My latest column from the Flathead Beacon on spring scud fishing.
It isn't a surprise, really, that woodland caribou were finally declared extinct in the U.S. We've been watching the remaining woodland caribou in the Pacific Northwest dwindle to just a few stragglers for sometime. The animals, the lone pre-European settlement big game animal native to Montana that is now absent, once roamed as far south as Lolo Pass in the Bitterroot.
The last time woodland caribou were in the Treasure State was 2012, when five wandered down from British Columbia.
Here's my latest Flathead Beacon column about these extinct gray ghosts — extinct in the U.S. that is.
I love my Lamson Litespeed fly reel. It help convert me from a fishing gear Luddite into a fan of the high-tech stuff. The reel isn't just eye candy, but a real tool that helps me catch more fish. But I'm not sure what to think about Lamson's new Center Axis setup.
If it's as brilliant as suggested, maybe we'll all be fishing with a rig that looks like a cattywampus lollypop in the future. If not, these rod/reel combos may find a home in the discontinued clearance bin before too long.
One other consideration about the Center Axis. All fly fishing equipment uses the same basic setup. You can mount a 30-year-old reel to a $1,000 Sage rod, and it will work. The Center Axis breaks that tradition of interchangeability. And fly fishers are if anything, traditionalists.
Here's my latest Flathead Beacon Out of Bounds column discussing the progression of my fishing gear preferences.
On a recent flight from Texas back home to Montana I found myself seated next to a young man, Renan, who I soon learned was traveling from his home in Brazil to Wolf Point, Montana.
Renan's dramatic journey was was one of his final steps in gaining a degree in agriculture from his college back home. His summer would be spent on a farm, working as an intern. We talked most of the flight. He was excited about the learning opportunity in front of him, but nervous about the snow that covered more and more of the ground below us, the farther north the jet travelled. I ensured him winter would break soon and the snow would be a memory that would express itself largely in high river flows this summer.
It turns out I lied, but not on purpose. Winter continues to linger in Montana. I have dreams of finally pulling the cover off my drift boat and hitting the water, but we're not quite there yet. Still, I hope Renan has enjoyed his stay in Montana so far, and that his summer is filled with rich experiences and great learning opportunities he can take back to his farm in southern Brazil.
Here's the column I wrote for the Flathead Beacon about our conversation.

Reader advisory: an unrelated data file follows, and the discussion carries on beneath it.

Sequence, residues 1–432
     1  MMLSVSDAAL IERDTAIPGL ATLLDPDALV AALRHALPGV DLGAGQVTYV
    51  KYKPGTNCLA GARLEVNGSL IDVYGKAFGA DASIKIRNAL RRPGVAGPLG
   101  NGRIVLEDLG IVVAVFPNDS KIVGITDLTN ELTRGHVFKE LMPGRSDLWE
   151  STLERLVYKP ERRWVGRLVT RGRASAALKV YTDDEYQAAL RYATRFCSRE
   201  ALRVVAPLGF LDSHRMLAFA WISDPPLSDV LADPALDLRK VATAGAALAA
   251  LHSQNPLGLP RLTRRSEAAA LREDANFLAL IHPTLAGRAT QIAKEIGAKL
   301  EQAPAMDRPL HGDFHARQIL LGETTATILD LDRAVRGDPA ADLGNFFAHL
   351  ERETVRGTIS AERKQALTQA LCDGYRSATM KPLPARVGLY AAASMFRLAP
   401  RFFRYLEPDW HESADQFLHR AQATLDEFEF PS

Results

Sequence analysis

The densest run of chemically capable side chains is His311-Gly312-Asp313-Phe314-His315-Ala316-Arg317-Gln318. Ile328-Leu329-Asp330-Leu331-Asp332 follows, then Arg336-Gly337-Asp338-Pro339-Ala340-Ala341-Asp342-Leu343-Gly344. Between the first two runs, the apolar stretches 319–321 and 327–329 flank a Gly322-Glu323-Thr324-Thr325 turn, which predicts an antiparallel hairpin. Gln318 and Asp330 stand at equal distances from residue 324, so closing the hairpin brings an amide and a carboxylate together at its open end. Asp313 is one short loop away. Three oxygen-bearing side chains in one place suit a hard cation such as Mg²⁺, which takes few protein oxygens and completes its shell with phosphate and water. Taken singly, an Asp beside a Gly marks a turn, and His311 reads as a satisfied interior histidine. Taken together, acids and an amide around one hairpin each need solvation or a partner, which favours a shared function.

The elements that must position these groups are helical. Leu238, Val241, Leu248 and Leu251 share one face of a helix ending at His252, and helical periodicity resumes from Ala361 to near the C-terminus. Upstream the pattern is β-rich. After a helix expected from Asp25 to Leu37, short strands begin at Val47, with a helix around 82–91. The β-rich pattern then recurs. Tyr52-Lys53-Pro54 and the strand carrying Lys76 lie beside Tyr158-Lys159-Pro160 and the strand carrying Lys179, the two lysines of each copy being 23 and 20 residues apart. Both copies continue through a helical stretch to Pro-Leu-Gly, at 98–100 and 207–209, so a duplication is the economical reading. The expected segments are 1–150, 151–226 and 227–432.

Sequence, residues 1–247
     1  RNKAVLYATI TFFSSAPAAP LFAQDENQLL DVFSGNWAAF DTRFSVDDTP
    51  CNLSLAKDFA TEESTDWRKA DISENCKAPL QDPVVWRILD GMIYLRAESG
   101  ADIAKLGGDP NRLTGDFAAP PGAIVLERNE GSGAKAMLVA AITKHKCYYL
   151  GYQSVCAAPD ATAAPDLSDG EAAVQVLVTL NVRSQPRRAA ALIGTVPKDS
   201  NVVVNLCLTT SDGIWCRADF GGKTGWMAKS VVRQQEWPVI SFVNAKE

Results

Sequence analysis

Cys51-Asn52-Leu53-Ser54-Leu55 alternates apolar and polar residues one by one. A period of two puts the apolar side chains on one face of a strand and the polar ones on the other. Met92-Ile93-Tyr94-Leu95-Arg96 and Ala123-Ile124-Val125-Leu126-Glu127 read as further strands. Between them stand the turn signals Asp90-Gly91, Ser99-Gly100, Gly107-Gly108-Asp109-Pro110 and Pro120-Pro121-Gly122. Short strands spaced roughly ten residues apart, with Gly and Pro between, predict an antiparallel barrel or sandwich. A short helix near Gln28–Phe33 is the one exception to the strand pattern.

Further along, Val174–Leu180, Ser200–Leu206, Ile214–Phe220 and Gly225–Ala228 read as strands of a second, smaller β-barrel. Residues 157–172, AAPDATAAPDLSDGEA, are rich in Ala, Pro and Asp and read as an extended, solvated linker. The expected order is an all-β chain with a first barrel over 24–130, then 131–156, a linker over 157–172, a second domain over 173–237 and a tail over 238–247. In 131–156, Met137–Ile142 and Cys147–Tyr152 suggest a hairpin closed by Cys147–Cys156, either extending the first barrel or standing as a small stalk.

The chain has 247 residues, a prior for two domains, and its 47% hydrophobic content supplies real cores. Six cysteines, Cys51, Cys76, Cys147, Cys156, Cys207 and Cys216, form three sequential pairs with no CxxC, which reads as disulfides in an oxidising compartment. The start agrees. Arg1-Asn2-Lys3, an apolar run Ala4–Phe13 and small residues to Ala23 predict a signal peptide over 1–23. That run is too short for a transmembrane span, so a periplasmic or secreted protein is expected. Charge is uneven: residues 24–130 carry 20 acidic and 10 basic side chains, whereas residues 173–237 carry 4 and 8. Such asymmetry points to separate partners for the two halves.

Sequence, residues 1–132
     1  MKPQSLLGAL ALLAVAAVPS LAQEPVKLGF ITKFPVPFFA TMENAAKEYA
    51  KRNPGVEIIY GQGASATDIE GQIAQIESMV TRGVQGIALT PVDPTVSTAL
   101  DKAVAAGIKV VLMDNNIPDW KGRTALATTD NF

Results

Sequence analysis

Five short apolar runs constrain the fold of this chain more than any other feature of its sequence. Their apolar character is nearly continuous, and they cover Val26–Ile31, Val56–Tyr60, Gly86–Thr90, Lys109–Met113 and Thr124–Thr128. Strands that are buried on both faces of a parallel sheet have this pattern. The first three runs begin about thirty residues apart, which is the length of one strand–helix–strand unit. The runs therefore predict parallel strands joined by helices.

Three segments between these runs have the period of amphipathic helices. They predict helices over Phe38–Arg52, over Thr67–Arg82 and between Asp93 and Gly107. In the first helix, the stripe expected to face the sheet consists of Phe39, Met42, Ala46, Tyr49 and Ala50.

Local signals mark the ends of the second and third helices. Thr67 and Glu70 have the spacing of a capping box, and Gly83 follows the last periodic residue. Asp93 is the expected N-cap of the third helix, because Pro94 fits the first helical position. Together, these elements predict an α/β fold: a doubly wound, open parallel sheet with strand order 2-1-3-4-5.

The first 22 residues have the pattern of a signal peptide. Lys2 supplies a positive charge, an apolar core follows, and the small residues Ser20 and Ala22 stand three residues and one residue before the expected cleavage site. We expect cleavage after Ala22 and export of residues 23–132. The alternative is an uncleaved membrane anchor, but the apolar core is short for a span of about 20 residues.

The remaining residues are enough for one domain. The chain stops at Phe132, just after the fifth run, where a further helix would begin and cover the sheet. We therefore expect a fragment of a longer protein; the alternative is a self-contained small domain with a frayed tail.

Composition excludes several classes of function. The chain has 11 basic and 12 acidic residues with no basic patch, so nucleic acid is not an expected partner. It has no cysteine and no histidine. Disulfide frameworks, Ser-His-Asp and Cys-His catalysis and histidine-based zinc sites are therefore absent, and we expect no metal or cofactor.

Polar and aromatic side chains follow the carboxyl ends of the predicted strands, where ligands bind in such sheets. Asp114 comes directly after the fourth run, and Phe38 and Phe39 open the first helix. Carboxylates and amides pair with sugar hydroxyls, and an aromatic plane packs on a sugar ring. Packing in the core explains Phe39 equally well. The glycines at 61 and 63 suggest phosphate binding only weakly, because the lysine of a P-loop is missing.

The weather's a little iffy, but iffy weather in a Montana spring is about as redundant as Sahara Desert (Sahara means desert in Arabic). Still, if you're a fly fisher you should be thinking about the Bitterroot River skwala right now. And if you're now a fly fisher, you should be thinking about becoming one. Seriously, you don't fly fish. What's up with that?
Here's my latest column on skwalas.
Spring has sprung, but there is plenty of summer river water stored in Montana's considerable snowpack. My latest column from the Flathead Beacon here.
It's been a long, hard winter in Montana, but with a little ingenuity we'll get through it. In my latest column for the Flathead Beacon, I share my hope that spring will slowly give way to summer, unlike in 2017 when it got so hot so early we had one of the worst fire seasons in Montana history.
Unless you're on the Blackfeet Nation, however, the snow and cold is probably just an inconvenience. Heart Butte and Browning have been hammered in recent weeks.
Montana will hold off on grizzly hunting, at least for now. That's a good decision, but as the bears recover, conflicts will become more frequent. We ought to prepare for the reaction when something bad happens. Bears aren't wolves and when the victim of an attack is human rather than livestock, the blowback will be fierce.
My latest column about the future of grizzly bears and the inevitable hunting season in Montana's future.
The Eighth Annual Conservation in the West Survey by Colorado College shows that Montanans, regardless of political party, describe themselves as conservationists and consider open space and outdoor recreation an asset for the Treasure State.
The results aren’t much of a surprise. Montana may be the ultimate poverty-with-a-view state. But that commonality is something we can urge the leadership of both parties in Montana to embrace. In my latest column I suggest we make taking care of our public lands, and protecting our access to them, a priority for leaders of both parties.
It’s not that simple, of course. How a fly fishing guide defines conservation may differ from how a rancher defines it. That’s OK. We can’t and shouldn’t expect everyone to agree on every issue, but we should be able to agree to be respectful and work toward compromise whenever possible.
My latest "Out of Bounds" column discusses some interesting developments from the wolf/elk war front in Montana. There's the news that the Northern Yellowstone elk herd is up 42 percent in 2018 as compared to the 2017. It's unlikely the herd nearly doubled in just a year. More likely, biologists speculate, the count just missed some animals last year. Still, the numbers are encouraging for a herd that is still less than half the size in was before wolves were reintroduced in 1998.
Just days before the elk numbers were released, news broke that a striking coal black wolf was killed by a hunter near Joliet, not too far from Yellowstone's northeast corner. The wolf is probably the same one that had been filmed wandering near a road in the region a few days before that. Wolf numbers in Montana are stable, or declining slightly, probably a result of hunter success and aggressive management of problem packs.